WOMBAT – A program for Mixed Model Analyses by Restricted Maximum Likelihood

Example 13 for WOMBAT

Download example13.tar.gz

This example illustrates multivariate analyses with repeated records per trait – this can be tricky to model if same records for different traits are taken at the same time and others are not.

New features have been implemented to assist with this:

  1. WOMBAT now insists that the option RPTCOV is specified in the parameter file!
  2. WOMBAT writes out a file ''RepeatedRecordsCounts'' with some basic information on how many animals have how many records.
  3. There is now a mechanism – through RPTCOV TSELECT – to specify which records are measured at the same time and thus have a non-zero error covariance and which are not.
  4. Trait numbers need to be assigned so that any traits with repeated records have a lower number than traits with single records.

The data are simulated records - obtained by simulating records for 4 traits recorded on 800 animals at 5 different times. A missing value indicator (999) is used to create different pattern of missing records - note that analyses in the different sub-directories analyze different columns in the data file.

  • A: Demonstrates an analysis without missing records, i.e. where all traits are recorded at the same time. This implies that there are non-zero error covariances between all traits and that the ALIGNED option is appropriate.
  • B : Shows the analysis when some records are missing, but in a systematic fashion: Traits 1 and 2 have records at all 5 times, but traits 3 and 4 are only recorded for times 1 and 2. As the `missing' observations only occur for the later times, the option ALIGNED is still appropriate.
  • C : Similar to B, but measurements for traits 3 and 4 are taken at times 2 and 4. This means that a time of recording indicator needs to be used to model the residual covariance structure correctly. This is done specifying TSELECT together with the name of the column in the data file which contains the time variable.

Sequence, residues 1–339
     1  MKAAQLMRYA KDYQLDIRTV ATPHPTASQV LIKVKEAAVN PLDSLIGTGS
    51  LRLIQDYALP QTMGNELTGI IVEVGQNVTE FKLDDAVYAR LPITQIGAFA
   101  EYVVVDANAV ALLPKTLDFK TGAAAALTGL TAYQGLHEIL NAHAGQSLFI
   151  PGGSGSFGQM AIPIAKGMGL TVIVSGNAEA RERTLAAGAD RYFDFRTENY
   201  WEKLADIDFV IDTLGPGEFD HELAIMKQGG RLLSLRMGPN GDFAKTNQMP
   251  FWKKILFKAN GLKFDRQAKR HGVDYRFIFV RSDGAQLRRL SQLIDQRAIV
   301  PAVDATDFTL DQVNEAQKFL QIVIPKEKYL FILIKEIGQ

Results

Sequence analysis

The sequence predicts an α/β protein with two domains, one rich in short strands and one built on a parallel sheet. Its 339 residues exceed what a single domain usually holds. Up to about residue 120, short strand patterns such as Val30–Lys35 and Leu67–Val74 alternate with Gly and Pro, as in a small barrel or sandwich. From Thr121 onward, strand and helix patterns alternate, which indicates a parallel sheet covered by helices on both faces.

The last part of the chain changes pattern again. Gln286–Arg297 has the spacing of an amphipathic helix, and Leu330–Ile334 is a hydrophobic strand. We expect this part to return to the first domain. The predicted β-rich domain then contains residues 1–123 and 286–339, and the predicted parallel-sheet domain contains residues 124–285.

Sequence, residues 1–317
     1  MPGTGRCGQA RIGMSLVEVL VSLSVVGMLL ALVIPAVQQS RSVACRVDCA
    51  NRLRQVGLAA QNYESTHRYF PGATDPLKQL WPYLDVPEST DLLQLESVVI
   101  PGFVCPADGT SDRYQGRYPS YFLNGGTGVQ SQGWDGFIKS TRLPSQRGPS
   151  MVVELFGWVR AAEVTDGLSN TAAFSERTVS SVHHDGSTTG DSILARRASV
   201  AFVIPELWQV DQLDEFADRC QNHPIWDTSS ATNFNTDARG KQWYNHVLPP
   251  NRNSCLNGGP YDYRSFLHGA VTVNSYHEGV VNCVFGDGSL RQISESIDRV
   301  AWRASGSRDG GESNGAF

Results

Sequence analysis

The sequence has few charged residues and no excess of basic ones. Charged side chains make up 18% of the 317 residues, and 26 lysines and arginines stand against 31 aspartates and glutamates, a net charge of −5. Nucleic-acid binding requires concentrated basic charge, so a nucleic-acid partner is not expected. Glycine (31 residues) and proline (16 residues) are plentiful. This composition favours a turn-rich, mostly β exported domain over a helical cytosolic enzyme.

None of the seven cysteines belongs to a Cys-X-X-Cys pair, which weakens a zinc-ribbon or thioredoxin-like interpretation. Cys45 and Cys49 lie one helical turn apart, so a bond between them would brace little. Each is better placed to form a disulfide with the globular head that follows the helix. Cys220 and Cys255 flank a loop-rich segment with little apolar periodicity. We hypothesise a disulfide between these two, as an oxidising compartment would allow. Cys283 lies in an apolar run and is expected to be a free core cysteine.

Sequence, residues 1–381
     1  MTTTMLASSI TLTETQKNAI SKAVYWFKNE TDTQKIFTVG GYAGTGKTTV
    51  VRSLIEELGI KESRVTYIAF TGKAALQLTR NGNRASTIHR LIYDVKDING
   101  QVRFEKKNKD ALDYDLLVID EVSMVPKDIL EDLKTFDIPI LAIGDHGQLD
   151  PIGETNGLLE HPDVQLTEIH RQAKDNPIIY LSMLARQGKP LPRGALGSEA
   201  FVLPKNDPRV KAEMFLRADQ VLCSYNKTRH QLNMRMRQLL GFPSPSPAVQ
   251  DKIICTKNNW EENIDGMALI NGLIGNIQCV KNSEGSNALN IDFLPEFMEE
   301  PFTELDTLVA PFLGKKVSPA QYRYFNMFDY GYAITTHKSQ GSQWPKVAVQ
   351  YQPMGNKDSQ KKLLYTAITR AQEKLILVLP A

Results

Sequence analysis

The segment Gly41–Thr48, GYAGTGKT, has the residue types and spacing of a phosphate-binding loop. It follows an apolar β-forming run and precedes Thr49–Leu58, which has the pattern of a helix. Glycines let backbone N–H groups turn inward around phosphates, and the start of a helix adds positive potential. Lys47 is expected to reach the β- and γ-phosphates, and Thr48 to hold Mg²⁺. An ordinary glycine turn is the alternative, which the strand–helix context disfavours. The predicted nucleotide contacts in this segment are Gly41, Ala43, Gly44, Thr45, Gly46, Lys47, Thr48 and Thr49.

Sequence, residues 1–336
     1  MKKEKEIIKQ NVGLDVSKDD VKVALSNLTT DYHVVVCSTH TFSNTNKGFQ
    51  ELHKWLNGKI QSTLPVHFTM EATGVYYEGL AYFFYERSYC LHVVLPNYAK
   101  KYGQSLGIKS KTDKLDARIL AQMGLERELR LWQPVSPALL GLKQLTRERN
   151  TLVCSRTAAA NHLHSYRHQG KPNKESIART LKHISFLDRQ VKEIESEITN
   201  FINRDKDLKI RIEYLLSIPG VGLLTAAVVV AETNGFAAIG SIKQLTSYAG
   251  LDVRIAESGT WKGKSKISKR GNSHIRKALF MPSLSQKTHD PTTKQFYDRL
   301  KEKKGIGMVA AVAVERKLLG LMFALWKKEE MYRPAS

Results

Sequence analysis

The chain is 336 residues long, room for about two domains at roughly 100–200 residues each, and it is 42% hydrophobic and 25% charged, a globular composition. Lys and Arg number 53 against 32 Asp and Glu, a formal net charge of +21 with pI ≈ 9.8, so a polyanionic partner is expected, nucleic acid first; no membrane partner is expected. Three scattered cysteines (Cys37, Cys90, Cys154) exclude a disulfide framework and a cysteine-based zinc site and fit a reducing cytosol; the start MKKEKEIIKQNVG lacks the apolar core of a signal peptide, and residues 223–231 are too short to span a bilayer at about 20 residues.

• C1 : As C, but using a multivariate random regression analysis.
  • D: Illustrates the scenario where we have a trait with repeated records analysed together with traits with single records and where traits with single and repeated records are measured at different times so that
    1. there are no error covariances between these groups of traits and
    2. that we can `use' the error covariance to model covariances between traits due to permanent environmental effects of the animal.

&nbsp &nbsp &nbsp For this example, we use records taken at times 1 to 4 for trait 1, and records taken at time 5 for traits 2 to 4. For this case a model fitting a permanent environmental effects due to the animal for trait 1 only together with the INDESCR option is appropriate. Estimates of the error covariances between trait 1 and traits 2, 3 and 4 then reflect the permanent environmental covariance, while estimates of the (co)variances among the latter represent the sum of temporary and permanent environmental covariances.

  • E: Shows the case where we have a trait with repeated records analysed together with traits with single records, but where the single records are taken at the same time as one of the repeated records, so that we need to model non-zero error covariances.
    Here we consider records for trait 1 at all 5 times, and records for traits 2 to 3 taken at time 5. Again we need the TSELECT option to model this properly. In addition, we need to use the equivalent model invoked via the PEQ option in order to separate temporary and permanent nvironmental covariances between trait 1 and the other traits. Note that permanent environmental effects are fitted for all 4 traits, but that only the corresponding covariance components which can be disentangled from the environmental covariances are reported.
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